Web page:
The green links below add additional plants to the comparison table. Blue links lead to other Web sites.
enable glossary links

Barbados nut, physic nut, piñón, purging nut

leatherstem, limberbush, sangre de drago, sangregado

Habit Trees, to 10[–15] m, monoecious. Subshrubs, to 1 m, dioecious, rhizomatous, often forming colonies.

erect, gray-green, much-branched, woody-succulent, glabrous; short shoots absent;

latex watery, colorless in younger branches, cloudy-whitish in older shoots.

spreading, reddish brown (when actively growing) or red to dark red or grayish (when dormant), much-branched, rubbery-succulent, glabrous; short shoots common;

latex watery, colorless to cloudy-whitish in fast growing shoots, blood red in basal portion of older shoots and rhizomes.


persistent, ± evenly distributed on long shoots;

stipules caducous, narrowly lanceolate, 5 mm, undivided;

petiole 9–19 cm, not stipitate-glandular;

blade round in outline, 9–15 × 9–15 cm, usually shallowly 3–5-lobed, rarely unlobed, base cordate, margins entire or glandular (young leaves), apex acuminate, membranous, surfaces glabrous;

venation palmate.

deciduous, fascicled on short shoots;

stipules deciduous, linear, 1–2 mm, undivided;

petiole 0–0.2 cm, not stipitate-glandular;

blade linear-spatulate to narrowly obovate, 1.5–5(–7) × 0.2–0.7 cm, usually unlobed, sometimes shallowly, rarely deeply, 3-lobed, base attenuate, margins entire, apex rounded, membranous, surfaces glabrous;

venation pinnate (palmate if lobed).


bisexual, terminal and subterminal, cymes;

peduncle 5–10 cm;

bracts 3–10 mm, margins entire, glabrous.

terminal or axillary, fascicles;

peduncle absent;

bracts absent.


1–3 mm.

1–2.5 mm.

Staminate flowers

sepals distinct, ovate-elliptic, 4–6 × 2–3 mm, margins entire, apex acute, surfaces glabrous;

corolla greenish yellow, campanulate, petals distinct or connate 1/4 length, 6–8 × 2–3.5 mm, glabrous abaxially, tomentose adaxially;

stamens 10, ± in 2 whorls (5 + 5);

filaments of both whorl connate to top or nearly so, outer whorl 3–4.5 mm, inner whorl 3–5 mm.

sepals distinct or connate basally, ovate to elliptic-lanceolate, 2.5–3 × 1.2–1.4 mm, margins entire, apex acute, abaxial surface hairy, adaxial glabrous;

corolla white to pinkish white, urceolate-tubular, petals connate most of length, 5–6 × 1.4–1.5 mm, abaxial surface sparsely puberulent abaxially, adaxial glabrous;

stamens 10 in 2 whorls (5 + 5);

filaments of both whorls connate from 1/5–3/4+ length, outer whorl 2–3 mm, inner whorl 3–5 mm.

Pistillate flowers

resembling staminate, but sepals connate to 1/2 length, 5–7.5 × 2–5 mm;

petals 4–5 × 2–2.5(–3) mm;

staminodes infrequent;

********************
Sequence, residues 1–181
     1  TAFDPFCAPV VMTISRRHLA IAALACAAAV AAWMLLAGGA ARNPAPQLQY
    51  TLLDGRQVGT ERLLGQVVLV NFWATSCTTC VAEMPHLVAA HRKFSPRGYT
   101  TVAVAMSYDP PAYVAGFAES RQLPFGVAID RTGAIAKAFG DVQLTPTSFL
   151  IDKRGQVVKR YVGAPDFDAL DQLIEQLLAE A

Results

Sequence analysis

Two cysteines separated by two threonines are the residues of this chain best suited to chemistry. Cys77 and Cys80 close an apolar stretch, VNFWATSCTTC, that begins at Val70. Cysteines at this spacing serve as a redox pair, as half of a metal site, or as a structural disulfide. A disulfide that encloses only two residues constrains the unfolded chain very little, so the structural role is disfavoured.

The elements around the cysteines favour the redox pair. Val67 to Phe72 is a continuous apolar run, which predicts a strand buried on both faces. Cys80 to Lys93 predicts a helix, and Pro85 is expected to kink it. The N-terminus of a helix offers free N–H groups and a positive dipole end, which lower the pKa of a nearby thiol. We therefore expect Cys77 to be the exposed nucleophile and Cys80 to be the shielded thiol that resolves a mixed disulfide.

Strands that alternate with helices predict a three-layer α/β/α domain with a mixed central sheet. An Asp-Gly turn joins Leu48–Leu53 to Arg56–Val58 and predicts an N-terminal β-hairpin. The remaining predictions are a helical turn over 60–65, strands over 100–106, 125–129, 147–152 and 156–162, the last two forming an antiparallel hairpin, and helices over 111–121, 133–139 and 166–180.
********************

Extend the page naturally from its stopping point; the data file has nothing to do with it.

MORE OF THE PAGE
carpels 3;

styles connate most of length, 0.5–1.5 mm.

resembling staminate;

carpel 1;

style 2.5–3 mm.


ellipsoidal, 2.6–3 × 2.2–2.8 cm, drupaceous.

ellipsoidal, 1.2–1.4 × 1.1–1.3 cm, tardily dehiscent.


black or black mottled with white spots, ellipsoidal, 18–20 × 11–13 mm;

caruncle rudimentary.

solid gray-brown, spheric, 12 mm diam.;

caruncle rudimentary.


= 22 (Puerto Rico).

= 44.

Jatropha curcas

Jatropha dioica

Phenology Flowering and fruiting spring (late summer–early fall).
Habitat Disturbed sites.
Elevation 0–50 m. (0–200 ft.)
from FNA
FL; Mexico; Central America [Introduced in North America; introduced also in West Indies, South America, Asia, Africa, Pacific Islands, Australia]
[WildflowerSearch map]
[BONAP county map]
from FNA
TX; n Mexico
[WildflowerSearch map]
[BONAP county map]

Jatropha curcas now has a circumtropical distribution but probably originated in Central America; it is naturalized in southern Florida. The latex of J. curcas is used for soap making and for medicinal purposes; the seeds are used for biofuel production.

(Discussion copyrighted by Flora of North America; reprinted with permission.)

Varieties 2 (2 in the flora).

R. McVaugh (1945b) recognized two varieties in Jatropha dioica based primarily on leaf shape; the two are not readily recognizable and probably hybridization between them has resulted in intermediate populations, as McVaugh noted. The varieties are treated here with some reservation.

(Discussion copyrighted by Flora of North America; reprinted with permission.)

1. Leaf blades oblanceolate to narrowly obovate, 3.5–5(–7) cm; sepals distinct; stamen filaments connate 3/4+ length; petals pinkish white.
var. dioica
1. Leaf blades linear-spatulate, 1.5–2.5 cm; sepals connate basally; stamen filaments connate to 1/4 length; petals white.
var. graminea
Source FNA vol. 12, p. 202. FNA vol. 12, p. 204.
Parent taxa Euphorbiaceae > Jatropha Euphorbiaceae > Jatropha
Sibling taxa
J. canescens, J. cardiophylla, J. cathartica, J. cuneata, J. dioica, J. gossypiifolia, J. integerrima, J. macrorhiza, J. multifida
J. canescens, J. cardiophylla, J. cathartica, J. cuneata, J. curcas, J. gossypiifolia, J. integerrima, J. macrorhiza, J. multifida
Subordinate taxa
J. dioica var. dioica, J. dioica var. graminea
Name authority Linnaeus: Sp. Pl. 2: 1006. (1753) Sessé: Gaz. Lit. México 3(suppl.): 4. (1794)
Web links